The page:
Suitors learn softer touch
Chinese firms on the acquisition trail are adopting a more sophisticated approach, abandoning threats in favour of lobbying
Back in the day, before the US Congress tore apart China's proposed multibillion-dollar deals with Western companies one after the other, Beijing's lobbying left little to the imagination.
China's Washington embassy blasted out form letters to every US lawmaker when it was upset with Congress, warning of grave damage to Sino-American relations, congressional aides recall.
One aide to a senator, who was being courted by Taiwan, regarded by Beijing as a renegade province, was told by visiting Chinese officials "all trade between your state and China will come to a screeching halt!"
The confrontational tactics rarely worked - in one pivotal decision in 2005, Congress essentially killed Chinese state oil company CNOOC's US$18.5 billion bid for US firm Unocal - and now Beijing has largely abandoned them.
Instead of issuing tirades, it hires top-notch lobbying firms whose ranks are filled with well-connected former US and Canadian officials; buy television advertisements to buff the country's image; and seek acquisitions less likely to stir nationalistic fervour.
Whether this new strategy fares any better could be known soon. CNOOC is trying to buy Nexen, a Canadian oil company, in a deal valued at US$15.1 billion.
Meanwhile, China's Wanxiang Group is poised to take over A123 Systems, a struggling US battery maker that received hundreds of millions of dollars in grants from the administration of Barack Obama. And Huawei, a Chinese company founded by a former People's Liberation Army soldier, along with Chinese telecommunications firm ZTE, is coping with a congressional security investigation.
China may be the world's second-largest economy, a veto-wielding permanent member of the UN Security Council and the fastest-growing export market for a United States eager to revive its economy through trade. But the country labours under a poor image in Washington.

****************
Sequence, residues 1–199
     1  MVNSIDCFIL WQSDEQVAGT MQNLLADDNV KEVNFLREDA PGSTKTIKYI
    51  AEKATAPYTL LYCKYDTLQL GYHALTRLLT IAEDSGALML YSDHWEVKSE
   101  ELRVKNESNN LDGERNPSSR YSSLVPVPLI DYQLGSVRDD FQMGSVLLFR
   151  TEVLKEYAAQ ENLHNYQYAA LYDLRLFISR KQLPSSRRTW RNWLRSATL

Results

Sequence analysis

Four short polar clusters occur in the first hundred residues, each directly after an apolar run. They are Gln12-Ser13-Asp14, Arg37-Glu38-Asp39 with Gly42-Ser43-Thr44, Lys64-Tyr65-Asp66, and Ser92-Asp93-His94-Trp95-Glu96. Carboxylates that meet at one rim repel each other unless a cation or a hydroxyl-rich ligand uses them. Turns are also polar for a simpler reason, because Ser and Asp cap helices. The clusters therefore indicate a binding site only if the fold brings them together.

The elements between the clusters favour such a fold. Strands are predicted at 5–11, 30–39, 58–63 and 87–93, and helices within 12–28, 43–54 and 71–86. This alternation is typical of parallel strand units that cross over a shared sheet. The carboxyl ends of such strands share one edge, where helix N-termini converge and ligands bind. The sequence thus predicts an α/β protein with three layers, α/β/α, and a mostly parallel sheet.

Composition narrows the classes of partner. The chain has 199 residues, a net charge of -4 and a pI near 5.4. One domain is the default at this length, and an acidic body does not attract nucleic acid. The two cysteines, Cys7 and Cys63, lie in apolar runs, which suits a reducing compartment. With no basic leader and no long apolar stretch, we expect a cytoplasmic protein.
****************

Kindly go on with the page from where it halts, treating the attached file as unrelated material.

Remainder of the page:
Chinese companies - even those such as Wanxiang that are not directly beholden to the ruling Communist Party - face intense scrutiny from lawmakers who see them as tools of China's geopolitical strategy or part of a system that grossly favours its own firms with allegedly illegal subsidies and what critics see as an artificially low currency.
CNOOC's second major bid for a North American company, Calgary-based Nexen, came after the Chinese firm laid the groundwork in Canada and after Beijing made an effort to understand how the US Congress operated. Nexen, Canada's 10th-largest energy company, has 10 per cent of its assets in the US portion of the Gulf of Mexico.
"They know there is no point in just arriving and doing a brief tour of the country and thinking that approach will produce results. Those days are over," said a person familiar with the Chinese lobbying effort in Canada, who asked not to be named.
When CNOOC came looking for introductions in Canada, it chose Hill and Knowlton Canada and its president, Michael Coates, a long-time Conservative who worked for a government minister before becoming a lobbyist in 1983.
Coates, who was leader of Conservative Prime Minister Stephen Harper's election debate preparation team for three federal elections, accompanied CNOOC vice-president Fang Zhi during talks with top Canadian bureaucrats in which Fang stressed Canada was an attractive place to invest. He did not mention any particular targets.
Along with doing their homework and talking to the right people in financial markets, Chinese companies had a greater intuitive grasp of what was possible in Canada, a second person familiar with China's lobbying said.
"They went after Nexen because they knew everybody knew Nexen was a mess. If Nexen had been a crown jewel …," this person said, making clear a bid for a more important company would have been rejected.
The deal still needs approval from Canadian authorities.
Hill and Knowlton Canada declined to comment.
In Washington, CNOOC also hired Hill and Knowlton. Its lobbyists include a former Democratic congressional aide, Robert Ludke, who worked with the Chinese company during its failed bid for Unocal.
And CNOOC is voluntarily submitting its deal for a US government security review.
"In contrast to 2005, we're finding people are much more willing to consider the benefits of the deal from a US perspective," CNOOC spokesman Peter Hunt said.